We think that this past weekend offered up a good argument that Coastal Rowing has arrived, and those boats certainly widen the definition of "rowable water" and--as a result--may see folks launching from spots that don't include a dock.
And, as new fangled as Coastal may be to mainstream rowing folks, it already has a few hacks that make it work, to include David Toohey's clever idea for leaving himself a place to tie up when he launches off a boat ramp near his home in Galway Bay, Ireland: The Kettle Bell Mooring Buoy.
His temporary mooring--which we believe is our first Irish Rowing Hack ever--is light enough to lift and reposition but heavy enough to hold his boat in hip deep water to be launched and retrieved. That means he can get out into the water without having to find a beach first, or battle actual surf, to get his Coastal on.
It is a clever fix since, if you've been up close with a coastal shell, it is not the sort of craft that can be carried over heads and rolled into the water alongside a float: these boats pretty much always stay hull down and get carried or slid into the water, either off the sand or off a rolling cart...not unlike a small sailboat--or a coaching launch.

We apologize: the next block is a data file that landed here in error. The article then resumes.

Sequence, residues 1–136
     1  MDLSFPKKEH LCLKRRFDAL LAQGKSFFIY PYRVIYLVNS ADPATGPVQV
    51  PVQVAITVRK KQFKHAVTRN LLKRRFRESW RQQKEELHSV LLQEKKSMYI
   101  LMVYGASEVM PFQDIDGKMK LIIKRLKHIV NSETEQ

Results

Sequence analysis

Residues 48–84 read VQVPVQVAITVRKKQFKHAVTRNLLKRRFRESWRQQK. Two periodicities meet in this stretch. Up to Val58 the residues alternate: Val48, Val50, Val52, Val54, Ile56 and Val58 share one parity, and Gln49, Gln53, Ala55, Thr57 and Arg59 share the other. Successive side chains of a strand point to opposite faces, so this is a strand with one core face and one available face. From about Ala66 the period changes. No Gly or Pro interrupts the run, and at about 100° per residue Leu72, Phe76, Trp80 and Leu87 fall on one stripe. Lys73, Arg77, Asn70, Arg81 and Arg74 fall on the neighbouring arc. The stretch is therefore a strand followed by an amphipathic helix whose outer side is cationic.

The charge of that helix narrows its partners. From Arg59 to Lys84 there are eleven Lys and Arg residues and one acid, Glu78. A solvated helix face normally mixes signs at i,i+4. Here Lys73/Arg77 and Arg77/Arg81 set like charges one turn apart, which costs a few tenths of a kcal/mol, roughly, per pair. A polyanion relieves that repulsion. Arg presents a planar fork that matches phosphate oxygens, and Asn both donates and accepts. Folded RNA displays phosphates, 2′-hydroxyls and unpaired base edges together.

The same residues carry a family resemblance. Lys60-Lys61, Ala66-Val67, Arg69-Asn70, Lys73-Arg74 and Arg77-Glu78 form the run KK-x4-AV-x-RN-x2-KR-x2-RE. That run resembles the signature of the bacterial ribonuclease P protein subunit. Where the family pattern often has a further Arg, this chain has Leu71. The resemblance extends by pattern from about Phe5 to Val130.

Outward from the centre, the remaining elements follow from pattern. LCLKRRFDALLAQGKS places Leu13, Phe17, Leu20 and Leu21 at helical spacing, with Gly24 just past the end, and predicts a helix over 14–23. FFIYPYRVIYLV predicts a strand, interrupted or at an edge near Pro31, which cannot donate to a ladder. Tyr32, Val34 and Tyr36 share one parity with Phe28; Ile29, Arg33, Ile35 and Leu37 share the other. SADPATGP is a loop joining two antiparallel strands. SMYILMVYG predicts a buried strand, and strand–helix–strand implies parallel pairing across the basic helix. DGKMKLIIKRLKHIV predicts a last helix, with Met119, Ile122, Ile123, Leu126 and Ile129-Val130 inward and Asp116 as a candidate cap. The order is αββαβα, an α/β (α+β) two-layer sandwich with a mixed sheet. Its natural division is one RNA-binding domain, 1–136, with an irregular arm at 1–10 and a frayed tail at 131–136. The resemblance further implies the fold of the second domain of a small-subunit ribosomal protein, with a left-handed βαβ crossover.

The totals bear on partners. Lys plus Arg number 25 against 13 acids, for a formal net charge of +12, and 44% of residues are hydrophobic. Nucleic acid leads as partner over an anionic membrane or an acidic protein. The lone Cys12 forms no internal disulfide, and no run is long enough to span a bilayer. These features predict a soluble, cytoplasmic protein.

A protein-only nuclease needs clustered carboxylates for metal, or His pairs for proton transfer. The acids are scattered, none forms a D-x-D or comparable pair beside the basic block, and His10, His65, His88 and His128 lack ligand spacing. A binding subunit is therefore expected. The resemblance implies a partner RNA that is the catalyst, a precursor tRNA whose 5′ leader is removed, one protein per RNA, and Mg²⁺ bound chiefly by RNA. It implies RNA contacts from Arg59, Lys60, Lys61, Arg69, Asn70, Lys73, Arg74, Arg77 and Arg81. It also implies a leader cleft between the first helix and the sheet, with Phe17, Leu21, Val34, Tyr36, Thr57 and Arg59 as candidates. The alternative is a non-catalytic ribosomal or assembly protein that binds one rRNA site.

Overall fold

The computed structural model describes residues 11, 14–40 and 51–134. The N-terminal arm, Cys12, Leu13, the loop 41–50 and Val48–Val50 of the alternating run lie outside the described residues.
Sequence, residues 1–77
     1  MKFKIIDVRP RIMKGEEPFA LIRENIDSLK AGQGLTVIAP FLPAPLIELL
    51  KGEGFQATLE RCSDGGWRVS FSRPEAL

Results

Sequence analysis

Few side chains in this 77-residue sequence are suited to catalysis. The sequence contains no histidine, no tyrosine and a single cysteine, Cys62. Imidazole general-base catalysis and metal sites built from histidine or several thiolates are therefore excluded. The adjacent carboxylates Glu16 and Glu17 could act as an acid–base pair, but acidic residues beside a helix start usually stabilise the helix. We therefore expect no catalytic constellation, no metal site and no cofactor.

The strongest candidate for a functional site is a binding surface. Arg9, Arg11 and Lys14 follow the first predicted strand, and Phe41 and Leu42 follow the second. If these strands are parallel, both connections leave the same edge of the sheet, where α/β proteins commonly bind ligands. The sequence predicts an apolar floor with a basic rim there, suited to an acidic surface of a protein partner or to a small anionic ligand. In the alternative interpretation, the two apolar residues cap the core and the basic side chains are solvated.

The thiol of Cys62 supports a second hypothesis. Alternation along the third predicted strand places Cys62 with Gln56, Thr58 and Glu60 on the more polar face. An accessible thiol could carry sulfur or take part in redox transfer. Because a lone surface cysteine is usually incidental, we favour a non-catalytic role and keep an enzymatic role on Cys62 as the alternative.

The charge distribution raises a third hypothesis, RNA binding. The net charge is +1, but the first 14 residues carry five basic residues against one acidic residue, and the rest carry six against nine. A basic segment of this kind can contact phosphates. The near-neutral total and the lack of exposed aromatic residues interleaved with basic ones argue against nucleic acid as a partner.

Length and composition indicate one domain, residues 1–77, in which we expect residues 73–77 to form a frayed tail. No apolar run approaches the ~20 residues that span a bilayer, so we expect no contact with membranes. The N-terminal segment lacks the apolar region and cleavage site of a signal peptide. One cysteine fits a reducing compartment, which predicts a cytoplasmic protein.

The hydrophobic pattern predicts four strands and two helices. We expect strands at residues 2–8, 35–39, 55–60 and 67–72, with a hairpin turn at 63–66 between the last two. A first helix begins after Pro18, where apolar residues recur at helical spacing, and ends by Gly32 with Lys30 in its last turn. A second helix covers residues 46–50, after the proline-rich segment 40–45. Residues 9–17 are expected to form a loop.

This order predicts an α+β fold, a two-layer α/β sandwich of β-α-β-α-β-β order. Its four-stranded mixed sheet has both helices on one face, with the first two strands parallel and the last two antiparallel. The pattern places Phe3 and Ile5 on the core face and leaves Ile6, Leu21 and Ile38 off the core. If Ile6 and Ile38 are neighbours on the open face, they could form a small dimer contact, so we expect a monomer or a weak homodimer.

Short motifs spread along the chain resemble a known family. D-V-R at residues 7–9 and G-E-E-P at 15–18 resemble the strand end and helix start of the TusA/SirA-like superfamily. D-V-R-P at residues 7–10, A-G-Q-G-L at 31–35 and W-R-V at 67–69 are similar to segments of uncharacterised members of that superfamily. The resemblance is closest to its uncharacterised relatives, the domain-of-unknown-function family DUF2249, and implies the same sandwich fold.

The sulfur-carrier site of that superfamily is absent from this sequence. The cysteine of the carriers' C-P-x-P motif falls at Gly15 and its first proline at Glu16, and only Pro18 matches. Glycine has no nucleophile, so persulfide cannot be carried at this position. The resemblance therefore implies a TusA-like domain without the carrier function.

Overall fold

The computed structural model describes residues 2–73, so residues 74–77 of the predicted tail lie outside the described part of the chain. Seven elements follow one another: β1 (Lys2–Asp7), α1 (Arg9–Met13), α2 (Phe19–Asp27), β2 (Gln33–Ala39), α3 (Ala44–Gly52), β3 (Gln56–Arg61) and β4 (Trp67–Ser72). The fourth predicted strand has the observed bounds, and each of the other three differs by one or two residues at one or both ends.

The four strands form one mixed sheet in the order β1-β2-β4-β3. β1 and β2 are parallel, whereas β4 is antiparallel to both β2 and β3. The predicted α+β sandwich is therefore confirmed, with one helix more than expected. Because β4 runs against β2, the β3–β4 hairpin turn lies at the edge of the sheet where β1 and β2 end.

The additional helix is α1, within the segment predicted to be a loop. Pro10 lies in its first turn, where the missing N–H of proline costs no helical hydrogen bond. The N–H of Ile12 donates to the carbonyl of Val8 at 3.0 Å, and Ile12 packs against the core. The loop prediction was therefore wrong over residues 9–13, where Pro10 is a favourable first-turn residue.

For Toohey, who rows out of Galway Bay (and into the very Atlantic across which he sent this idea a few weeks back), his Kettle Bell Mooring Buoy allows him to launch and recover from a slipway without having to worry about running aground, even if the tide rises or ebbs during his outing.
"I deploy a temporary mooring sufficiently far down the slip, depending on expected tide swings while I'm rowing. The plastic coated kettlebell is 16kg and the carabiner allows easy looping of the rope around the rigger arm. The buoy makes it easy to spot from a distance. Usually wading in to about 3 foot depth is sufficient."
He tells also us "it really works very well even in a swell" which likely as good a test of this hack as any.
Not into Coastal yet and still messing about in flat water boats? Well, we can easily think of a few time each year when a portable mooring buoy could be handy, like when needing a way to hold a coaching during a wet launch practice, say on a winter or spring break training trip--and it can definitely be in your bag of tricks for any kind of rowing that might be "dock-free" for whatever reason.
Do you have a trick that helps you get your strokes in spots without the actual rowing infrastructure we typically rely on? Is it as cool as this one, or the Single Storer Hack? If so, share your tips--and hacks--in the comments below.
If you have a great rowing hack to suggest for future inclusion, then please send it to us, as David has done, and we will feature your idea in a future column.